There was an optional team challenge that we decided to tackle next. We had to get three barrels, two 1 x 6 planks and all of us across a 50-foot plot of land without any of us, or either of the planks, touching the ground. For 20 minutes I found myself wedged between B.J. and Val with Bill bringing up the rear. We are now prepared to represent the U.S. in bobsled in the 2014 Olympics. Smooshed together, we scooted, moved barrels, passed along the planks and successfully made it across.
Only 13 miles of muddy, semi-technical biking stood between us and the finish line at that point. Although at the time 13 miles seemed like 130. As we started off a few teams were heading in from the foot section. Many looked like they were about to fall over and pull a Rip Van Winkle, pulling each other along, staggering, using sticks as crutches. I know it was mean of me, but I was motivated by their struggles. “I know I don’t look as bad as they do, because they look amazingly terrible.” When the bike got tough this became my inspiration.
There’s a special place in hell for me, I know.
My brain was getting extra mushy, so here’s what I remember about the bike: Wet trail, dry road. Wet trail. Wet muddy trail. Wet muddy hilly trail with lots of rocks. Get off bike. Push bike up hill. Get back on. Slide around. Get back off. Ride down hill. Lose ability to brake thanks to the mud and the wet. Get back on bike. Pedal. Push. Stop. Stare at lost helmetless team wearing Dockers torn off at the knees and torn up to their crotch. Wonder where their helmets went. Wonder why they thought biking in tightywhities was a good plan. Pedal. Get off again. Barf. Stand still. Contemplate the fact I just barfed. Think about the fact that I’ve never barfed in a race before. Try to eat something. Dry heave. See Bill’s tail light fading ahead of me. Don’t want to be left all alone so get back on and keep going.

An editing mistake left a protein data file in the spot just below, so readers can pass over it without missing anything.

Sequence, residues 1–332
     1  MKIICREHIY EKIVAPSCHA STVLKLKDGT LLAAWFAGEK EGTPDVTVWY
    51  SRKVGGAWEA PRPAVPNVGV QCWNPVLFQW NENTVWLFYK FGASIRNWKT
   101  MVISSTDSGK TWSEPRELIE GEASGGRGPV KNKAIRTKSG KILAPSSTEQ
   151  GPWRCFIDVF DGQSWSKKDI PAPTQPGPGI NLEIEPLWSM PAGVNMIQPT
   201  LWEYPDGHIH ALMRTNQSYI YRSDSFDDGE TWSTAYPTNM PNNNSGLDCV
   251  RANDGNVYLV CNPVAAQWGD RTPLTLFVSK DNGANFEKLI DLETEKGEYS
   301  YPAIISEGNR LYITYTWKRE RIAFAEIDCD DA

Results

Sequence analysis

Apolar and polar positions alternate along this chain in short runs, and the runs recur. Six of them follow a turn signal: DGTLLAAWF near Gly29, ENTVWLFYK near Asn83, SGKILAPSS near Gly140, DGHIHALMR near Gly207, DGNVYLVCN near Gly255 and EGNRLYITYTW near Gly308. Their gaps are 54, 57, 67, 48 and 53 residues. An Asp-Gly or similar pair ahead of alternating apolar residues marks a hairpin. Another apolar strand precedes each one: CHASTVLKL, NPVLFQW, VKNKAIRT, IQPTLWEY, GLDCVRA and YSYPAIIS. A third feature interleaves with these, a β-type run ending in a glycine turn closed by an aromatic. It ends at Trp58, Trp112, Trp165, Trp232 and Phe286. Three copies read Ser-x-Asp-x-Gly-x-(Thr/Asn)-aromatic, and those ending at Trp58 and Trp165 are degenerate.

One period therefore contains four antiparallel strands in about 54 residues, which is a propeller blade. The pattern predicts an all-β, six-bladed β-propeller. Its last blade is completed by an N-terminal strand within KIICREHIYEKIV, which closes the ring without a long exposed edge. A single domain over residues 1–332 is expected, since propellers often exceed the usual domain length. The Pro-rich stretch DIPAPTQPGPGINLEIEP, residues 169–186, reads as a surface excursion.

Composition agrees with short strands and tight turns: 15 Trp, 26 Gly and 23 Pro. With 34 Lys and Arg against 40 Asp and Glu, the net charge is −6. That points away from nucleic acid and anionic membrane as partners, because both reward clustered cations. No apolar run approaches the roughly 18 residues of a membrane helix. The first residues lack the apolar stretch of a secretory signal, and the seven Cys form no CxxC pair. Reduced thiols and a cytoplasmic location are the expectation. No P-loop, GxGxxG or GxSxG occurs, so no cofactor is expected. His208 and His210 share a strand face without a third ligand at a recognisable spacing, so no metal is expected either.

My teammates were kind as I moseyed along, knowing that I could keep going, just that I couldn’t keep going hard. The three of them all took turns hanging back with me, which was not only nice but probably also prevented me from having a screaming temper tantrum, so we all won out in the end.
And then, darkness. My bike light decided to shine no more, leaving me with just my headlamp to light the trail. Amazingly unfun. Bill told me we were almost done but I decided he was lying. Val stayed behind me so I could benefit from her light a bit and B.J. would ride ahead, turning his bike around to light the way for me as best as he could.
Turns out Bill isn’t so much of a liar after all. We spit out onto a sloppy, flat trail and could see the finish line off in the distance.
Sweet! We pedaled on, a bit faster now, and crossed the line with the usual adventure race lack of finish line fanfare.
Eighth place overall out of 42 teams, seventh place in our division of about 22 teams. Considering my goal was to finish and then not be dead last, I am sort of thrilled.
But I still don't know what a reentrant is.
Want to see before and after pictures?
BEFORE: We are holding Christmas ornaments that were oddly for sale at the race check-in at an outdoor store.
AFTER: We are dirty. And maybe I could have seen better on the bike had my headlamp not been actually covering my eyeballs.
But wait, there's more. B.J. is the only one who looks remotely badass. Val looks like she is auditioning to be the latest member of KrissKross, I am apparently incapable of making a serious face and Bill is thinking "This is what I am married to for the rest of my life?"